The first counsellor of the European Union Delegation to Turkey, François Naucodie, visited the Department of International Relations on December 12 and delivered a presentation entitled “EU Enlargement Politics: The Case of Turkey.” This event was one in the series of Jean Monnet Seminars planned by the acting chair of the Department of International Relations, Assist. Prof. Dimitris Tsarouhas. Dr. Tsarouhas holds the Jean Monnet Chair at Bilkent.
Mr. Naucodie began his speech by noting that the EU is not a static organization, but rather one that is always changing and moving forward. He focused on three elements of the multifaceted relations between Turkey and the EU: where we have come from, how we are moving forward, and where we are today.
First, he reviewed significant turning points in the history of Turkish-EU relations. Second, he listed three pillars of the relations as pacta sunt servanda (“agreements must be kept”); the gradual process concerning the 35 chapters of the acquis communautaire; and communication through the enlargement package and progress reports. Third, he commented on the economic and social aspects of the relations by pointing to the high level of bilateral trade and financial cooperation despite the economic crisis in the EU, as well as the success story of the ERASMUS program.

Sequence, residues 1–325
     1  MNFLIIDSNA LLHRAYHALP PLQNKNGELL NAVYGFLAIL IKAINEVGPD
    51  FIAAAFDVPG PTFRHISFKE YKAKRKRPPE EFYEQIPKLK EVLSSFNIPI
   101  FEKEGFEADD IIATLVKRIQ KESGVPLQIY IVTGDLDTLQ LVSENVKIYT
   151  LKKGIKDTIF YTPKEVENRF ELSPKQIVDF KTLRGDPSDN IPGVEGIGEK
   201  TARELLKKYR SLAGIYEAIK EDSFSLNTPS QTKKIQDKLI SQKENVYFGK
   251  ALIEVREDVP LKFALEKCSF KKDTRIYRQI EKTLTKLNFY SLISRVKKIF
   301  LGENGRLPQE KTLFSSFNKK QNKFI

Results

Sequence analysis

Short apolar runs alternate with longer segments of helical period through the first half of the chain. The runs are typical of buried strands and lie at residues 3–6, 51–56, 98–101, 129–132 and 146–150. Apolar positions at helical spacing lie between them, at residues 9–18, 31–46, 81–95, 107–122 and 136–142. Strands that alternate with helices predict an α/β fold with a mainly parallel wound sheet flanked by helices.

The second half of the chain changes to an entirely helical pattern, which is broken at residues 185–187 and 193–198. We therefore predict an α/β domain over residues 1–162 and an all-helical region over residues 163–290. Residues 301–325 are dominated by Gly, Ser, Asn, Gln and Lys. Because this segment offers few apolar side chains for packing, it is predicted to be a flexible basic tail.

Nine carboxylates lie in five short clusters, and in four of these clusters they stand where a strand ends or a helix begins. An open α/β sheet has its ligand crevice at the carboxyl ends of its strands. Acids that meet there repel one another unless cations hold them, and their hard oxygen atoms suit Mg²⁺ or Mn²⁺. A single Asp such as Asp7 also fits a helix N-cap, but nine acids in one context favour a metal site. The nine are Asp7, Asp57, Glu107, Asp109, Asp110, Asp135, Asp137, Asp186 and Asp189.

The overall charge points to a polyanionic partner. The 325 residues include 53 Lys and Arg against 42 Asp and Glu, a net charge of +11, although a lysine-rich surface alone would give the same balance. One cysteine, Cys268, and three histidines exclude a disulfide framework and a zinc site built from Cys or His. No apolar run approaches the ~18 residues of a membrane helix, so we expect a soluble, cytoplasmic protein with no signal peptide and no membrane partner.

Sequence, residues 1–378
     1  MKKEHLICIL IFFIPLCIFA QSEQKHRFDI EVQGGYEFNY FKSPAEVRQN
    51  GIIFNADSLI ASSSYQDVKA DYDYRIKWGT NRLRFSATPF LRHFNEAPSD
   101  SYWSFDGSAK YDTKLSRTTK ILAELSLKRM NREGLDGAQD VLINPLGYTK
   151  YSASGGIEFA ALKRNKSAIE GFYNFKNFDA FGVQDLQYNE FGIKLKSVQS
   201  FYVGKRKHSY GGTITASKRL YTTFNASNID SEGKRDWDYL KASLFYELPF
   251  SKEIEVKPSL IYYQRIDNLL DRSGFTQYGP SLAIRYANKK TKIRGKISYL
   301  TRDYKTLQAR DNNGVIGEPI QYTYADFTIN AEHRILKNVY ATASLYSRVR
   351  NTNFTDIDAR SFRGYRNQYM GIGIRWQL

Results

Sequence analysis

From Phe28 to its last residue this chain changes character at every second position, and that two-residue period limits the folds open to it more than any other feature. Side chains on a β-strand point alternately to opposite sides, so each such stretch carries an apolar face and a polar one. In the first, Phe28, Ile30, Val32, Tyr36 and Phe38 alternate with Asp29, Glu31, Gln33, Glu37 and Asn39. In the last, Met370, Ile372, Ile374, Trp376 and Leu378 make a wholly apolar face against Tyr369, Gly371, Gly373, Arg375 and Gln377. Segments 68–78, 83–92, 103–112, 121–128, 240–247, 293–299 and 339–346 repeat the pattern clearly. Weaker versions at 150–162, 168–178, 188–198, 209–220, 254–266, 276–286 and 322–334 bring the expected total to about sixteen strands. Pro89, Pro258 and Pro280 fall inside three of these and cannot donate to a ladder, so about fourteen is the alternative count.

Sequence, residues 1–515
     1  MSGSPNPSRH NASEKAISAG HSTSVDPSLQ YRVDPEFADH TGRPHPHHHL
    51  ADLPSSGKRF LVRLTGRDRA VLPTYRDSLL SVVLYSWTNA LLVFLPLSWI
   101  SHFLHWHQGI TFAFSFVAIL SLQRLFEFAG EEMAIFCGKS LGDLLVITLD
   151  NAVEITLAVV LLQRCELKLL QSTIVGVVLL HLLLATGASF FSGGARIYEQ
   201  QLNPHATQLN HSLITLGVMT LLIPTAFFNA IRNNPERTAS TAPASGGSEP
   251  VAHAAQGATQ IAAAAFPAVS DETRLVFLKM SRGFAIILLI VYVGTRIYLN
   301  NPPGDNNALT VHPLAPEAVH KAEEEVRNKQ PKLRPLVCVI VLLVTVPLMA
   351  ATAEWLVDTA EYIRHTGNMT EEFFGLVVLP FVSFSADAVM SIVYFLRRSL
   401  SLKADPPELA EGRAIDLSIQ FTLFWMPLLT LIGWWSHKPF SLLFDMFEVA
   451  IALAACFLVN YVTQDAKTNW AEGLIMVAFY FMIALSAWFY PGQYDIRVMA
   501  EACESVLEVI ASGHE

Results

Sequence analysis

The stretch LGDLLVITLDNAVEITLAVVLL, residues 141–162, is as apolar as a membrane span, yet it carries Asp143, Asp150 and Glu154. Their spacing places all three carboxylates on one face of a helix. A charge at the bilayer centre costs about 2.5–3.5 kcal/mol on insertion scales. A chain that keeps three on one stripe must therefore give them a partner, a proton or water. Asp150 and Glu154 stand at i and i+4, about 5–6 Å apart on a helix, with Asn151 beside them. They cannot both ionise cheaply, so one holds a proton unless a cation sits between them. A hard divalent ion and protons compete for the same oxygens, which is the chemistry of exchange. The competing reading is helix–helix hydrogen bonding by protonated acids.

Finally, Mr. Naucodie listed some positive developments of recent weeks, such as a new chapter being opened after three years, a package including some agreements, Turkish PM Erdoğan’s upcoming visit to Brussels (the first in four years), foreign policy cooperation in the Middle East, and the Global Business Bridges initiative, also bringing Turkey and the EU together in the Middle East.
Mr. Naucodie’s speech was followed by a question and answer session during which several questions were asked about the future of Turkey’s accession to the EU.
Mr. Naucodie responded by observing that the accession process is not only a political but also a technical route to be pursued. He stated that Turkey’s 2013 progress report showed achievements but also weaknesses; however, once Turkey completes the technical part of the process, the rest will be easier.